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stmbtwle

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Reply with quote  #1 

PV for Dummies... IT'S NOT THAT HARD!

I was asked to do this by another member, who while quite accomplished with Solar Thermal, had concluded that PV (Solar Electric) was too “hard” and complicated. 

That's one of the things holding PV back, perception. In reality IT'S NOT THAT HARD!!! A basic (off grid) DC system like you might install in your boat or RV has only 3 components: solar panel, battery, and controller. The battery you probably already have, so that leaves TWO components. The solar panel only has two wires and yes they're marked. Most solar panels today already have polarized wires attached, so they're “plug and play”. However most modern solar panels have enough power to cook your battery, so you'll need a controller (think "battery charger"). The controller has connections for four wires or maybe six, and yes they're marked too. The battery, well you already know about batteries. That's all there is to it. 

Here's a hypothetical project: Suppose you have a garden shed in your back yard which doesn't have electricity, and you're tired of groping around amongst the rakes, bugs, and snakes with a flashlight. Some lights would be nice so you can at least tell them you're coming. You have several options: 

Simplest and probably the best would be to call a contractor and have him run power to the shed ($$$). Another way would be to run an extension cord from the house to the shed. Simple and it works, until one day you run over the cord with the lawnmower. Oops! 

But rather than deal with the cord or the contractor. you decide to make a stand alone (off grid) electrical system. You go to Big Box and pick up a car battery (a “deep cycle” RV/Marine battery is better) , some 12v LED garden lights (it IS a garden shed after all), and some insulated wire. Up to a point, most any wire will do. You connect the lights to the wire and the wire to the battery. A switch would be good, and you can use a standard wall-mount switch from Big Box. For safety you install a fuse from the auto store. Now you simply open the door, flip the switch and watch the critters scatter. 

This is all well and good except that after a few days the battery goes dead and the lights go out, because the battery isn't getting charged (bummer). All you need to fix that is a solar panel, a controller, and some more wire. You connect the controller to the battery and the solar panel to the controller, and find a place in the sun for the panel. Now whenever the sun shines, your battery gets recharged. Congratulations, you've just built your first PV system. 

After a while you decide that while lights are fine, it would be nice to be able to run some tools. Most power tools take AC power, not the DC from the battery. While a 12v battery WILL run a power tool you will need an INVERTER to “invert” the DC from the 12v battery to AC and step up the voltage. The best inverters are “full sine wave” but in most cases the cheaper MSW or “modified square wave” will work. Your inverter (again) has two wires you connect to the battery. Now you have AC power to run small tools, simply plug them into the inverter. Big tools or appliances (table saw, beer cooler, AC) will require a bigger system. Not necessarily more complicated, just bigger (more batteries, more solar panels) That's how I started, but my “shed” was a boat.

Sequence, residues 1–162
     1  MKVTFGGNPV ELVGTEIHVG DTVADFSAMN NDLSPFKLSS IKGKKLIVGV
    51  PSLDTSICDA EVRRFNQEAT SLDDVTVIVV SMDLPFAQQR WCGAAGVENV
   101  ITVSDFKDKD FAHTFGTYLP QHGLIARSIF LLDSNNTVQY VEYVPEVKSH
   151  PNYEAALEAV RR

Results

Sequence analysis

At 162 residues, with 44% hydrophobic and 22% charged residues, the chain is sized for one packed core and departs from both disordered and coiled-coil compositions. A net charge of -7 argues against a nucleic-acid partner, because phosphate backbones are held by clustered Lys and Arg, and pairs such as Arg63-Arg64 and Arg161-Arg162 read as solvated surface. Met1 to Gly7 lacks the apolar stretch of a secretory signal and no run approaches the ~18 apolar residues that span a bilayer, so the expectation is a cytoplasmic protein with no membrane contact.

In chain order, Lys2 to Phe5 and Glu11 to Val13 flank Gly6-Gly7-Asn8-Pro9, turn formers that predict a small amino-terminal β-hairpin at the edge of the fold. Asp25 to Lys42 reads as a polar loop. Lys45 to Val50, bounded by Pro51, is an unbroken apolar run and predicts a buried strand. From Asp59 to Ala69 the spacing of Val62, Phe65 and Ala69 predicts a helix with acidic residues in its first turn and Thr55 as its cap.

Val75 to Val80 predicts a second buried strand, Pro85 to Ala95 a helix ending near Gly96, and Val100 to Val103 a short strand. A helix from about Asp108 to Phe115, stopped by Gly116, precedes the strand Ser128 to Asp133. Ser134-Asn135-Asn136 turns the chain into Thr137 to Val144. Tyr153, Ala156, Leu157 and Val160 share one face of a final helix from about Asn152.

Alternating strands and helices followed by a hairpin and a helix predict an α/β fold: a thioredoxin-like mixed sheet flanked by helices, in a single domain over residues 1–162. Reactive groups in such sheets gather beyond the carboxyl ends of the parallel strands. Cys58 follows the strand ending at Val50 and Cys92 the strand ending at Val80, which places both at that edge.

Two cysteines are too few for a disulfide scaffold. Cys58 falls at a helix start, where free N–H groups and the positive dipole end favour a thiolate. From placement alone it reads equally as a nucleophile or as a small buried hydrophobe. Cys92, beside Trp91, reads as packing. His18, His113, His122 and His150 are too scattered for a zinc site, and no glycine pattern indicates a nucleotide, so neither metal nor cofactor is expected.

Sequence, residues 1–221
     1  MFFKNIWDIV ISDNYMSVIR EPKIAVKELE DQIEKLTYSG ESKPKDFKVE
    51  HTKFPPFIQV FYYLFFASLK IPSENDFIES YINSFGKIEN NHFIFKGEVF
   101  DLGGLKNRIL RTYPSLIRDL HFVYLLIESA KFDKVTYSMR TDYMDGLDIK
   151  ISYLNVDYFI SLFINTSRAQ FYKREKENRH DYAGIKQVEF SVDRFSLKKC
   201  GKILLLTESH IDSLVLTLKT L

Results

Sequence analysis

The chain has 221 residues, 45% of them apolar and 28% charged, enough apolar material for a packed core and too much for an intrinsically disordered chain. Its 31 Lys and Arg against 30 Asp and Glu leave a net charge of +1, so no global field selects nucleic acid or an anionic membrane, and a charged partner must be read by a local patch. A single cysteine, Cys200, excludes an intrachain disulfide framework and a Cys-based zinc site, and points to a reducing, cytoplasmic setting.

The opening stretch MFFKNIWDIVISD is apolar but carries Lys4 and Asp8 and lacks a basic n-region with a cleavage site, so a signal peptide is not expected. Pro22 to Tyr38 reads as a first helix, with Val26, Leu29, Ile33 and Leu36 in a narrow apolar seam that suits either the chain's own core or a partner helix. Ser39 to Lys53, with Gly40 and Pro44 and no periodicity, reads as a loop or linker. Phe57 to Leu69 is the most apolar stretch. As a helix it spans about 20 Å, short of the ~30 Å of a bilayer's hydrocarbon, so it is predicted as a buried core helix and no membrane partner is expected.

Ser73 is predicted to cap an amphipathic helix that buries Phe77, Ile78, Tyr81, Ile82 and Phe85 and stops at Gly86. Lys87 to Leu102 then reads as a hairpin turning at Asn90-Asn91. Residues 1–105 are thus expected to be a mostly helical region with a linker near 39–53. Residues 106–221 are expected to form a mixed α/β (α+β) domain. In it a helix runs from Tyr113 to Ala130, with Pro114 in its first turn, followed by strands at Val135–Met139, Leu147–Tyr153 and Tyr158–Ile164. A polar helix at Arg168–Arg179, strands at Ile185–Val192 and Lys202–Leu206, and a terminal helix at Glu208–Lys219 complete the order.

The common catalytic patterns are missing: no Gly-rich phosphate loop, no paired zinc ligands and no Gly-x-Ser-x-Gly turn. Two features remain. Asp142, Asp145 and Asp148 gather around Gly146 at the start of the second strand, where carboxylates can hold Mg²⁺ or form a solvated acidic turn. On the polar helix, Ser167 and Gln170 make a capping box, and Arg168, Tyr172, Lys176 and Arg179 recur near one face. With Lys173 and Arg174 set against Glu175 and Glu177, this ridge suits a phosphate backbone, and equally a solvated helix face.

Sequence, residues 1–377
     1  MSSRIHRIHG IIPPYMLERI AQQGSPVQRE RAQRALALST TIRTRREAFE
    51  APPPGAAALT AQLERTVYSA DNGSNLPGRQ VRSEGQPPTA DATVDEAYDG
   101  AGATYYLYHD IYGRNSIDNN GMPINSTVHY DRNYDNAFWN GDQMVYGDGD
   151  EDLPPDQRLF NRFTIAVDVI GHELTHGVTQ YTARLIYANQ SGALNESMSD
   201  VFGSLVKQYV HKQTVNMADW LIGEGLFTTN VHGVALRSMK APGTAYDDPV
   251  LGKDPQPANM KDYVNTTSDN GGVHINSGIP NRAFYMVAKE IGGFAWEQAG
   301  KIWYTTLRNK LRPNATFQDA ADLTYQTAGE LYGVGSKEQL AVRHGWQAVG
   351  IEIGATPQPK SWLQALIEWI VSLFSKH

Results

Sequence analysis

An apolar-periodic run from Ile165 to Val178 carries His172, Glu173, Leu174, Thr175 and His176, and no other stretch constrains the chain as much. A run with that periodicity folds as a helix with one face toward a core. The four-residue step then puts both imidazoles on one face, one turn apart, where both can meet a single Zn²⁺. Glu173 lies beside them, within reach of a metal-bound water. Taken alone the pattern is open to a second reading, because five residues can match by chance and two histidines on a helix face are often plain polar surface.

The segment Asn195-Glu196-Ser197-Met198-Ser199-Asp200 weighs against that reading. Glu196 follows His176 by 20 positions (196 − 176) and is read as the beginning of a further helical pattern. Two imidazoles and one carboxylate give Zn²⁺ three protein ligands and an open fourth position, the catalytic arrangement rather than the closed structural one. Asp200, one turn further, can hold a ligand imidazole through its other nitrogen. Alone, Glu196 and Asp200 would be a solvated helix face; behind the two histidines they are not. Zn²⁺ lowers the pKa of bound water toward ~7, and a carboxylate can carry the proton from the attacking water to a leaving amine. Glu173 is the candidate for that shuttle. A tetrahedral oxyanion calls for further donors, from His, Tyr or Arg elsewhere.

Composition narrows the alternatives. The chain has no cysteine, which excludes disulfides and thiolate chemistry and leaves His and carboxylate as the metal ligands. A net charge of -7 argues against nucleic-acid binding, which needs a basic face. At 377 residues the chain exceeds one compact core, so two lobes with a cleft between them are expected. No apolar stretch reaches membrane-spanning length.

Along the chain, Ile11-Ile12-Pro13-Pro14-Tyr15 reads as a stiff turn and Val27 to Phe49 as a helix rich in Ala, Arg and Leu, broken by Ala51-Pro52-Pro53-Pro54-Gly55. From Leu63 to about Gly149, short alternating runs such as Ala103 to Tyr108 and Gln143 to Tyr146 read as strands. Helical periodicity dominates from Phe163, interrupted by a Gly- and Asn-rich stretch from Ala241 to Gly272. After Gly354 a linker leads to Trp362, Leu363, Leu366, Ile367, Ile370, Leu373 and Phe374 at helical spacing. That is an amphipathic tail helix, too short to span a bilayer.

That's OFF grid solar in a nutshell.  ON grid is a different story, with lots more power, regulations, permits, and LETHAL voltages (not for the newbie).

Anyone who has questions or additional comments, go for it. That's why we're here.


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Solar is like the wind. It may be free, but putting it to work isn't!
Willie, Tampa Bay

BobMcK

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Reply with quote  #2 
What's the scoop on startup surge when a motor is being run off a battery-powered inverter?  I've got a 120 VAC pump motor that when running draws about 600 W so I followed an old rule of thumb that puts startup current at 1.5 to 2 x run current and used a 1500 W (psw) inverter . . . but even with a full battery the motor wouldn't start.  So I put in a 2000 W inverter and now does.  I suspect it's not the surge current that tripped the smaller inverter, but rather high voltage transients during startup . . . yes?  If that's the case it makes sense to try and filter out the transients rather than heavy handedly using a larger inverter.  Do you agree and if so any recommendations re filters?  


stmbtwle

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Reply with quote  #3 
My guess it's LOW voltage. The startup load will drop the battery voltage for a few seconds and this can trip your inverter. Possibly the 2000w is just not as picky as the 1500, as the voltage drop should be about the same with either.

If this is a new problem you may just have a bad connection somewhere.
Other possible causes could be undersized/old battery, or undersized wires from the battery to the inverter.

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Solar is like the wind. It may be free, but putting it to work isn't!
Willie, Tampa Bay
jjackstone

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Posts: 94
Reply with quote  #4 
Startup current can often be as high as 6 to 7 times normal load current.
Voltage drop will also happen,
I have a 3kw inverter that I used to fire up a table saw as an experiment and it not only brought the voltage down to 80 volts, it popped a fuse in my kill-a-watt meter. However the saw did run. It just took a few seconds longer than normal to get up to speed. I will not be using the inverter with that saw. [nono][nono]
My refrigerator runs fine on the inverter though. 

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